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President Barack Obama is making good on his promise to close the U.S. military prison at Guantanamo Bay, Cuba, and appears ready to name a veteran politician to guide his new administration in the Middle East conflict.

A senior Obama administration official said the president would sign an order Thursday to shutter the Guantanamo prison within one year. The U.S. naval facility has been a major sore point for critics around the world who say it violates domestic and international detainee rights. The aide spoke on condition of anonymity because the order has not yet been issued.

The executive order was one of three expected on how to interrogate and prosecute al-Qaida, Taliban or other foreign fighters believed to threaten the United States. The administration already has suspended trials for terrorist suspects at Guantanamo for 120 days pending a review of the military tribunals.

Obama also had in hand executive orders to review military trials of terror suspects and end harsh interrogations, a key part of aides’ plans that had been assembled even before Obama won the election on Nov. 4.

“In view of the significant concerns raised by these detentions, both within the United States and internationally, prompt and appropriate disposition of the individuals currently detained at Guantanamo and closure of the facility would further the national security and foreign policy interests of the United States and the interests of justice,” said the draft executive order that would close Guantanamo. The draft was obtained by The Associated Press.

On Thursday, Obama was visiting the State Department to meet with Secretary of State Hillary Rodham Clinton and his top national security advisers.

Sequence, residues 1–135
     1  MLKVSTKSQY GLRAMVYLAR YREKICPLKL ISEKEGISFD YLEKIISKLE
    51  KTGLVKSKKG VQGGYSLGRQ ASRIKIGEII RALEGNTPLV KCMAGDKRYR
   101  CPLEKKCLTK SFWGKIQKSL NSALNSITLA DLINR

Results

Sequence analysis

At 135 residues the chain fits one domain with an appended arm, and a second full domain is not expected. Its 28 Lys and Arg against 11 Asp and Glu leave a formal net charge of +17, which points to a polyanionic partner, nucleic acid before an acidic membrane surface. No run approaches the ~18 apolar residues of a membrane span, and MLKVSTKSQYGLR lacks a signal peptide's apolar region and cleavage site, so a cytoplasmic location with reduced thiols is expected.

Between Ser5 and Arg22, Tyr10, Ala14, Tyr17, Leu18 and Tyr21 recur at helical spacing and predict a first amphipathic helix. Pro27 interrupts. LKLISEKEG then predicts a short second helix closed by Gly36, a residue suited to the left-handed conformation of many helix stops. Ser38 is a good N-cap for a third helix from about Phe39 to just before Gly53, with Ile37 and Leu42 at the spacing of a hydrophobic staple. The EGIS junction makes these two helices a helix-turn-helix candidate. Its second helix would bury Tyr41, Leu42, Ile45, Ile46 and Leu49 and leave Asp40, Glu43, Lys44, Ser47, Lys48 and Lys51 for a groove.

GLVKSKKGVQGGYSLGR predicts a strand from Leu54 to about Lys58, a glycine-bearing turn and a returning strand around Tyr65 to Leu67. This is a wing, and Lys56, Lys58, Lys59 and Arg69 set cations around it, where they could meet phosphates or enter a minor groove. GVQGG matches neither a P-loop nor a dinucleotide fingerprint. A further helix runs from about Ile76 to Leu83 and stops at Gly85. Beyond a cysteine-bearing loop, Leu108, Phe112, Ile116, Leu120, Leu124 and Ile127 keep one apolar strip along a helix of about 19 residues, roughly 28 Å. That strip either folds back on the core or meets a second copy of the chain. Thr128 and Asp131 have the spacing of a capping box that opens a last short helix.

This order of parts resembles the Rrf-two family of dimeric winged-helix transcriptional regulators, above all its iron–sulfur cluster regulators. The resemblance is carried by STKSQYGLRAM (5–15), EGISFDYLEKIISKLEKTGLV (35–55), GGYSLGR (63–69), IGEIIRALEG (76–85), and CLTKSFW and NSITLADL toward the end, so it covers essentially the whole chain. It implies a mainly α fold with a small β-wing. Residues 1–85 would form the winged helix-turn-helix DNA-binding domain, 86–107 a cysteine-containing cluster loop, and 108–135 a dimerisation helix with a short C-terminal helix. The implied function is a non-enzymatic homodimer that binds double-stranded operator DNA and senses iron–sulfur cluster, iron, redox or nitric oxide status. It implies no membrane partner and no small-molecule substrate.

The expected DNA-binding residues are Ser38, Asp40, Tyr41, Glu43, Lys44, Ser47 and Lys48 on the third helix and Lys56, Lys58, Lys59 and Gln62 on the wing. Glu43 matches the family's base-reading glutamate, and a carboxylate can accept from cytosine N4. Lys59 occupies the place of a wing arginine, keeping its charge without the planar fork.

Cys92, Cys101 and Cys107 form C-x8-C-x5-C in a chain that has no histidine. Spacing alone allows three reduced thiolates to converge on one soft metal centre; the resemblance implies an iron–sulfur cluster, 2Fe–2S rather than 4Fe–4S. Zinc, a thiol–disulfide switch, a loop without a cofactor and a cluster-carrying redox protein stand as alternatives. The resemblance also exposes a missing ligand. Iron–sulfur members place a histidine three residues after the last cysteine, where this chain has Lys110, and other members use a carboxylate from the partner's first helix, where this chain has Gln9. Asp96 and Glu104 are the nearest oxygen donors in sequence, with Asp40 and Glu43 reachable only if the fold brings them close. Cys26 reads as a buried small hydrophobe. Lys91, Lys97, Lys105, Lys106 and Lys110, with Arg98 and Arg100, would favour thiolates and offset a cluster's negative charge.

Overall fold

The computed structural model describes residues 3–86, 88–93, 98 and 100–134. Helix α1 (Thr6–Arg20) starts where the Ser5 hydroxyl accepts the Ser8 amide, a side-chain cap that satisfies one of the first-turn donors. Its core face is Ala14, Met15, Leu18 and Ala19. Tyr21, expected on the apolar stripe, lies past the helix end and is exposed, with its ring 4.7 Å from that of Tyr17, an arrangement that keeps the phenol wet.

White House aides announced that the president would meet with retired military officers to discuss the executive orders in the morning, but would not confirm that Obama planned to sign them immediately.

The Obama-Clinton meeting also was to include Vice President Joe Biden and national security adviser Jim Jones and his deputy. It was to be followed by an address by Obama and Clinton to State Department employees.

The address could provide an opening for Obama to enter the daunting thicket of Middle East diplomacy, long dodged by deferring to President George W. Bush, who left office Tuesday. It could also be the time he announces George Mitchell, the former Senate Democratic leader, as his special envoy to the region.

During his two-month stint as the president-elect, Obama promised he would have plenty to say on the conflict as soon as he was in office, but the country could only have one foreign policy voice at a time.

Some of Obama’s other promises, though, have already been attended to. On Wednesday, he signed executive orders to limit his staff’s ability to leave the administration to lobby their former colleagues. He also limited pay raises for his senior aides making more than $100,000 a year — a nod to a flailing economy and voters’ frustrations.

He also opened the doors to the White House to visitors on Wednesday, meeting with guests in the White House’s Blue Room.

“Enjoy yourself, roam around,” a smiling Obama told one guest as he shuffled through the room. “Don’t break anything.”

Obama was starting his day Thursday with a private meeting on the nation’s struggling economy, a signal to the millions of Americans struggling with tighter credit, increasing home foreclosures and the dollar’s shrinking value.